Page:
Holding Talks

During my secondary school days, I read Ola Rotimi's play "Holding Talks" as one of the many literary escapes that I indulged in whenever I needed some form of entertainment. Today, the television set has become the main entertainment among our youths.



Holding Talks was one of the most annoying books that I ever read. The characters wove a web of exchange of opinions, busy analyzing a situation surrounding a dead body and discussing what they should do with it, but they never actually lifted a finger to do anything.


If you have never read Holding Talks, I suggest that you get yourself a copy and enjoy it. It is an excellent illustration of the many talks that we hold today in Nigeria. Our conferences, meetings, debates, media interviews of people in power or who want to get into power; are all a part of the talks that we hold.


A little step below these formal talks is our small talks. Our dinner table, waiting room, and watering hole conversations. An American Image and Etiquette expert whom I once hosted in Nigeria for three weeks once reminded me of taboo topics that should never be discussed in polite conversation: Sex, politics, religion and money. I was forced to warn her that in Nigeria, the only thing we talk about is politics, followed by money, and then gossip about which celebrity was sleeping around.


Someone asking you how much money you made from a deal or how much you earn is not deemed as impolite. They are just making conversation. Someone telling you at a birthday lunch that one political party is full of rogues without bothering to find out if you have allegiance to any party, is just part of the conversation.


It seems that the rule about what conversational topics were permissible in social circles would not just work in Nigeria. The American lady did not understand my warning until she had attended a number of functions and then she promptly came to the conclusion that there seemed to be nothing else to talk about in Nigeria except politics.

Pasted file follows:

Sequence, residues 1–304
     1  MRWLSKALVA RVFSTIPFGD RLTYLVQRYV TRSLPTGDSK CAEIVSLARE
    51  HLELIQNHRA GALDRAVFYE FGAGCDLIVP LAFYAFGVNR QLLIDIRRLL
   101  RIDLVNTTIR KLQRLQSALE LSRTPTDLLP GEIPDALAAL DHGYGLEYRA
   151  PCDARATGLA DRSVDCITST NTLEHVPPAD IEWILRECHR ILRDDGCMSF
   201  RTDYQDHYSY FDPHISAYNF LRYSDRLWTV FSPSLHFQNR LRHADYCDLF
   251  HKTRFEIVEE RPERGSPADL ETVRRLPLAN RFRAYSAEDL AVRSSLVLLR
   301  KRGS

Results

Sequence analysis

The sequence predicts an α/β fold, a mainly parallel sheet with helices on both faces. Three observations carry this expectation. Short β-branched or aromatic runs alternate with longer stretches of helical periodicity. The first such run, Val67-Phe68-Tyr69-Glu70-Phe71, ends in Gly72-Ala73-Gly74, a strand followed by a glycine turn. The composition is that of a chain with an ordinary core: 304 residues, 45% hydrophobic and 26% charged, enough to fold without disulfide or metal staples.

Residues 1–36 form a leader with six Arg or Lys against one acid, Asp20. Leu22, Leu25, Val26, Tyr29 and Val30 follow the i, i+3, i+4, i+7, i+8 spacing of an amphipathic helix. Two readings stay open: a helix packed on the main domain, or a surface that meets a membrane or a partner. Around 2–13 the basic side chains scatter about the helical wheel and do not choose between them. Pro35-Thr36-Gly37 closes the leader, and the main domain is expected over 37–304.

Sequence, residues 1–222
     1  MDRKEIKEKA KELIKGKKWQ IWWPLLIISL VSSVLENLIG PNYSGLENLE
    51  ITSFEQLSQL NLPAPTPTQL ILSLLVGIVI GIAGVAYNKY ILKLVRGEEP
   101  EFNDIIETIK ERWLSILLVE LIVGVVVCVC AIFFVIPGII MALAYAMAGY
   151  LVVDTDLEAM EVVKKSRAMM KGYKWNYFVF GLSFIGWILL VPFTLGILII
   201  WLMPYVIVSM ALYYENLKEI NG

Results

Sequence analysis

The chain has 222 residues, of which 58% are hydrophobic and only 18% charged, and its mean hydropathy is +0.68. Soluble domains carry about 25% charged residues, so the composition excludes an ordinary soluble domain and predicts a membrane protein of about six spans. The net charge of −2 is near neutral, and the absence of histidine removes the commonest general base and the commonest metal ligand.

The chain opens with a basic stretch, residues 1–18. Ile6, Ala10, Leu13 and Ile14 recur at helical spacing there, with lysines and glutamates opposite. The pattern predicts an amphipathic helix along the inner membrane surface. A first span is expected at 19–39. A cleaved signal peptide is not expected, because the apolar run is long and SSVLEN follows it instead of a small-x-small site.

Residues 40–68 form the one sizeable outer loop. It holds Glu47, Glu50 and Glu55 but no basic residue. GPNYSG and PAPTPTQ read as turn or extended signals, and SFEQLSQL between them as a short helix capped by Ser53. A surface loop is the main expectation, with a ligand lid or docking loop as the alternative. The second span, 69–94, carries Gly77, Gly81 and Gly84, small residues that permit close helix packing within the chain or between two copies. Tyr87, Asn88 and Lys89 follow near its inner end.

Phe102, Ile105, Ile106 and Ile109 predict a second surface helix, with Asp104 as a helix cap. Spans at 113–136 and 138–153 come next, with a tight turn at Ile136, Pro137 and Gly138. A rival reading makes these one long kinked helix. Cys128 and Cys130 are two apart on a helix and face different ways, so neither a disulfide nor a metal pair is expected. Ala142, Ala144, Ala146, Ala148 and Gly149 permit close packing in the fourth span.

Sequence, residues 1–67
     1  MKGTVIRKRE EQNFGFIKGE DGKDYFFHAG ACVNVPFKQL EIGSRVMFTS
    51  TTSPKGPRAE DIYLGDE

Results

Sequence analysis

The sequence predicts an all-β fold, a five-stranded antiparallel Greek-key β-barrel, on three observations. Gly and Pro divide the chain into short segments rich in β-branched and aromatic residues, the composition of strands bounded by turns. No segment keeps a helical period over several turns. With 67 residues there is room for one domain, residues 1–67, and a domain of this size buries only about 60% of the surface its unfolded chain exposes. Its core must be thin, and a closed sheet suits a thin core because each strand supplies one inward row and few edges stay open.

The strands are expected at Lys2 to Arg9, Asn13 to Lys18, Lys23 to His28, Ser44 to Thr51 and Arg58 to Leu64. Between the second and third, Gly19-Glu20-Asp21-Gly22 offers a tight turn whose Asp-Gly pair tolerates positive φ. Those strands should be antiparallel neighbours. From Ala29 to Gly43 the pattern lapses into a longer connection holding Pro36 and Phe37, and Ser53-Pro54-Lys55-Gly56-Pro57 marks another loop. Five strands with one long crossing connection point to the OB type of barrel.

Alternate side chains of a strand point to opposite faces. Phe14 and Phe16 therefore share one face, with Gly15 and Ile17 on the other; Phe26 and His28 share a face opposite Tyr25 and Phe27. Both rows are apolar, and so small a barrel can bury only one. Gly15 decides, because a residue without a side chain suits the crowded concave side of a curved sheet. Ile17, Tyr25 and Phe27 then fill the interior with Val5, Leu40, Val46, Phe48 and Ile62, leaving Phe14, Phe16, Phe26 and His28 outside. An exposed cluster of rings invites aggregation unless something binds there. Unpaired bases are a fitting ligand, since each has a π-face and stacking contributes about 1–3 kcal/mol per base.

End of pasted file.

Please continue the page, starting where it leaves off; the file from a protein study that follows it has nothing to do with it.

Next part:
However, if you would like to escape the Nigerian factor, you can pick up conversational topics such as God's love (talked about with a loving heart), best-selling books, the movies, new developments in science or medicine, sports (men love soccer), or current events.


The Art of Conversation



The international speaker, Mike Murdoch, once said that if a woman can listen to a man, that she can hold his heart. Cultivating a listening ear for your loved ones or the various individuals whom you come across everyday could be the single most important skill that you develop this year.


Showing genuine interest in the person you are conversing with is the first step to having a rewarding conversation. Prepare your mind to listen more than you speak. Ask your partner questions that show an interest in his or her person. Remember that people do not care what you know until they know that you care.


Good conversationalist leave a lasting impression that can take them a long way in life. A good conversation is like a volleyball game. The various participants take turns to make a contribution by hitting the ball back and forth so that they can all enjoy the game together.


Besides this, as a participant in a conversation be sensitive to others and watch out for body language that indicates that your partner might be bored, uneasy or distracted. We can all recall an incident whereby we were stuck with someone who went on and on about the different botanical names for common crops; or our former school mate who does not appear to have anything else to talk about except the good old days.


If you happen to stumble into this type of situation that could cost you the chance to meet other interesting people at a function, kindly extricate yourself by introducing the person to someone else whom they can bore to tears. Alternatively, take (don't ask) your leave by excusing yourself to the restroom.


Using the above tactics can save you from tampering with your relationship with the other person. There are few things more annoying than speaking to a person whose body language suggests that he or she is not listening to you. These extremely rude and inappropriate behaviour could include turning away, avoiding eye contact, displaying nervous habits such as twiddling hair or interrupting the other person who is speaking.


In order to improve your listening skills and build rapport with your conversation partner; maintain eye contact, ask relevant questions and do not interrupt them while they are speaking. Also avoid multi-tasking. Give the person your undivided attention. As a human development person, I have always said that people are more important than projects.


In Dale Carnegie's "How to Win Friends and Influence People", he narrates a certain research carried out that consisted of a psychiatrist sitting next to a person on a six-hour flight. During the flight, the psychiatrist kept asking the other person questions about himself and never spoke a single word about his own life to that person. At the end of the journey, the person was asked about the conversation he had had with the psychiatrist during the flight and he promptly replied that it was the best conversation he had ever had in his life. Enough said.

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